Example: Julie wants to hire Bobby to take pictures of her for a modeling portfolio. Bobby’s contract has a model release provision in its terms and conditions. Julie does not want to sign the release because she wants to control what photographs of her are displayed. Bobby is amenable to the refusal and strikes the model release provision from the contract.
To effectuate this change, Bobby can either print a copy of the contract without the provision in it; which is best practice. Or, Bobby and Julie can strike through the provision on the contract with both parties initialing and dating the change.
Example: Julie has already signed Bobby’s contract, which she did not read in its entirety. Julie asks Bobby if she can change the contract to exclude the model release provision. Bobby is agreeable to the idea.
In order to effectuate this change the parties must look within the contract. If there is a contract modification clause, then both parties may modify the contract pursuant to the modification clause. This typically includes adding an attachment to the contract specifying the change, which is then signed and dated by both parties.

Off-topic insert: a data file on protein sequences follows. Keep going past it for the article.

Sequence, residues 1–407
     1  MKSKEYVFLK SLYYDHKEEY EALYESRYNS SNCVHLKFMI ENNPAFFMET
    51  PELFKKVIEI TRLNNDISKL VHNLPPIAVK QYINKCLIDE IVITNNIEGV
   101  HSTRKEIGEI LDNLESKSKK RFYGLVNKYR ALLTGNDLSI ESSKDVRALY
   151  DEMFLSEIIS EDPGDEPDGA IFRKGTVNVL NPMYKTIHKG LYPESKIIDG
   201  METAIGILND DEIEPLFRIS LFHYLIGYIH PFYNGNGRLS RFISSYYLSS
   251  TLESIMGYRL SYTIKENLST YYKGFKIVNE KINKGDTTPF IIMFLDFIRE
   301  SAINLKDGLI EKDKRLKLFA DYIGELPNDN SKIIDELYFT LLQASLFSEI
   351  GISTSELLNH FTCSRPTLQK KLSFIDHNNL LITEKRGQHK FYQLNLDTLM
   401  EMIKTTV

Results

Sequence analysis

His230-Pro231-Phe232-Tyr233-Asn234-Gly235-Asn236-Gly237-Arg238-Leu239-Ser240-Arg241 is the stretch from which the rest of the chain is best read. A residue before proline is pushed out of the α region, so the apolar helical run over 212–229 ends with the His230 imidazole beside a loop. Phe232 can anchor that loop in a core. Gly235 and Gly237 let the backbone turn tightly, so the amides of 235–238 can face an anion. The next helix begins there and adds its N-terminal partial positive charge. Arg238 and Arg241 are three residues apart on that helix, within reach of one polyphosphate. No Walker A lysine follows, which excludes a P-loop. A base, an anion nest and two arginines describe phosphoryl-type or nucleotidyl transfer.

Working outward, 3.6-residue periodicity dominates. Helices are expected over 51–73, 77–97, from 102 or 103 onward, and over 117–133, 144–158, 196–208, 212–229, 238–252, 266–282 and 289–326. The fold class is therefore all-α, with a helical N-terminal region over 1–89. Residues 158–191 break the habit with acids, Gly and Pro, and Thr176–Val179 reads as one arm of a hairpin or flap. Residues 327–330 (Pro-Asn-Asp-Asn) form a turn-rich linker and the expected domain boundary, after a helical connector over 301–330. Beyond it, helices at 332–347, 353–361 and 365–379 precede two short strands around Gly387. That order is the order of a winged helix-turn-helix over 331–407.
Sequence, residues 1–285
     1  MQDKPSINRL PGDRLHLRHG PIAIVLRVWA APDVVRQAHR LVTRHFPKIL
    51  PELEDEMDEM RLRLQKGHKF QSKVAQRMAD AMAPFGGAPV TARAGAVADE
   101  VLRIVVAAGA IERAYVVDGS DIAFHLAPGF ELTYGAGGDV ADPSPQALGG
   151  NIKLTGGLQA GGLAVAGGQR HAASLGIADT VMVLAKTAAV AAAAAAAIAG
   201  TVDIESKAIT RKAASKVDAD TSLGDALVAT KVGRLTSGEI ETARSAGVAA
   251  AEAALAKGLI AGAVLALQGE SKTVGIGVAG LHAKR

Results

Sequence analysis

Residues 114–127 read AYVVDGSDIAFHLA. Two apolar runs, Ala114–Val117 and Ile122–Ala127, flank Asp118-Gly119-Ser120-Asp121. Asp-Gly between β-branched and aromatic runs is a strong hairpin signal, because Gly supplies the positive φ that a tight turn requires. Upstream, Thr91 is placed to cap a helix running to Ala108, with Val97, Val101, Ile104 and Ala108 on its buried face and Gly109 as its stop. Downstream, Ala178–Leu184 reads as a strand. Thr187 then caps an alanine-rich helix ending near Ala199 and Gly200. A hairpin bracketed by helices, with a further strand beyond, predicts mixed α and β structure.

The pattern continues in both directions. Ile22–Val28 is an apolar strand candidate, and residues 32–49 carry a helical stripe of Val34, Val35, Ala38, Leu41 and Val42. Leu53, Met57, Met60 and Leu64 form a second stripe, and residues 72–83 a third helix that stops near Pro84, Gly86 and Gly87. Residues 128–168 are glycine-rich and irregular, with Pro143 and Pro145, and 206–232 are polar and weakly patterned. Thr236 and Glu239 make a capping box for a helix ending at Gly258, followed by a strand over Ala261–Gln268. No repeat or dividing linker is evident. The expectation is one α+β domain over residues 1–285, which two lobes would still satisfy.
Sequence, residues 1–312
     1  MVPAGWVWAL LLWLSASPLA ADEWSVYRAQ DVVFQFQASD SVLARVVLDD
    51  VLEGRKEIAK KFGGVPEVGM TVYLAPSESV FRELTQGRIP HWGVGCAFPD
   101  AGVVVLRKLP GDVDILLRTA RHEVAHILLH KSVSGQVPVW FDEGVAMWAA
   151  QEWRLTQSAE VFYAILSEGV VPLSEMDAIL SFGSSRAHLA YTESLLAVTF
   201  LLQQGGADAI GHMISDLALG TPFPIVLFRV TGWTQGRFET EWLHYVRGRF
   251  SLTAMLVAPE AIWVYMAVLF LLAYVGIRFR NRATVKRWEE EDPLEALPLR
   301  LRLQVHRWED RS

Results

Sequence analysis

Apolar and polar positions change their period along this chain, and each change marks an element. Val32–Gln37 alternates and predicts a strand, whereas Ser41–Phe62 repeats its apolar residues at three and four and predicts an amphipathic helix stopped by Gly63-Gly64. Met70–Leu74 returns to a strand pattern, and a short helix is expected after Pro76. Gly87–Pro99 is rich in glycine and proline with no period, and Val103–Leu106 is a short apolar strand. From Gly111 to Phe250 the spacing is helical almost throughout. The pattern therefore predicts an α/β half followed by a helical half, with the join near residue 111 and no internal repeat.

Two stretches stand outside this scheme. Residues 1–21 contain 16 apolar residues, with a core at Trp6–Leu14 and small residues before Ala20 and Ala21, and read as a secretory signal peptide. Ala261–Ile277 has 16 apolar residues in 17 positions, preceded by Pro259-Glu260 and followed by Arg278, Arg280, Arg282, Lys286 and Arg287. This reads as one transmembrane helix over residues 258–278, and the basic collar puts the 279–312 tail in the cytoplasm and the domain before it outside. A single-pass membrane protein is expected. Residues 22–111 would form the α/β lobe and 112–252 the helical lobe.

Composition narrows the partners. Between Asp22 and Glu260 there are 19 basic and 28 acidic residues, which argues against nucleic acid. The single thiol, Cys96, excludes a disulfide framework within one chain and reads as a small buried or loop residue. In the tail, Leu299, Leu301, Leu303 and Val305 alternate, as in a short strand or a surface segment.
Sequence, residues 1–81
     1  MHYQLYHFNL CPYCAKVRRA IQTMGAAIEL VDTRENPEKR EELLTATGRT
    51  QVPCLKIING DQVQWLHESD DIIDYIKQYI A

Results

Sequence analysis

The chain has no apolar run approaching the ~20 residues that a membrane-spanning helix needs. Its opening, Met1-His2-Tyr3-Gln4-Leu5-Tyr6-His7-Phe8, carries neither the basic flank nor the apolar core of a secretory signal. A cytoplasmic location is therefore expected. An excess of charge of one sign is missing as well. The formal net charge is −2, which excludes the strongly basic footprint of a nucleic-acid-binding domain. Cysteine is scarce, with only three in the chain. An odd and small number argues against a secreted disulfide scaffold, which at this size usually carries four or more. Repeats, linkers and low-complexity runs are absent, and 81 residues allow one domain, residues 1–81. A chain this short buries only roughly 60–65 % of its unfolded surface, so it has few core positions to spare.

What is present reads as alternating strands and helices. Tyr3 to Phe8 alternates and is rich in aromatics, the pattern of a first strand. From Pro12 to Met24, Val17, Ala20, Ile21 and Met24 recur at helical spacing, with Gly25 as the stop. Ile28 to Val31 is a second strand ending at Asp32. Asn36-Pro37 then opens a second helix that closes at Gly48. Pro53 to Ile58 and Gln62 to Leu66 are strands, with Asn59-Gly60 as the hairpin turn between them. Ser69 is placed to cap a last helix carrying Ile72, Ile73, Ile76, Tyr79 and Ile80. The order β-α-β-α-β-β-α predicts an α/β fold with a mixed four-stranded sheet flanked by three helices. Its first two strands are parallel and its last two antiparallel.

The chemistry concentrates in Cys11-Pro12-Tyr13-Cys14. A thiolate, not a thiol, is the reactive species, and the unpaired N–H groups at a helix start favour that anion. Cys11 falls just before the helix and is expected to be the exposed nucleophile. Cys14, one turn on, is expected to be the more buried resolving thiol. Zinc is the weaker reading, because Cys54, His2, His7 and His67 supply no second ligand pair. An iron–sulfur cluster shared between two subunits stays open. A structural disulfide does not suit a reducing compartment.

Every person photographed must sign the contract.
This is where the doctrine of Privity of Contract comes into play. We discussed this in a previous chapter. Only the parties who agree to the terms and conditions of the contract are bound by them. Agreement is shown by the party’s signature on the contract. Basically, only the person who is responsible for the contract needs to sign it.
Once again, the senior portrait is a great example of this. If the senior is under 18 years old, they do not need to sign it. The contract need only be signed by a parent or guardian. Thereby, your client is in fact the parent or guardian, not the senior who you are photographing.
Keep in mind the following: As I have stated multiple times in earlier chapters, EVERY STATE IS DIFFERENT, and contract provisions may vary by state. Always research the contract laws of the state where the parties are entering into the contract; or, better yet, seek out an attorney in that jurisdiction to proofread and/or review your contract.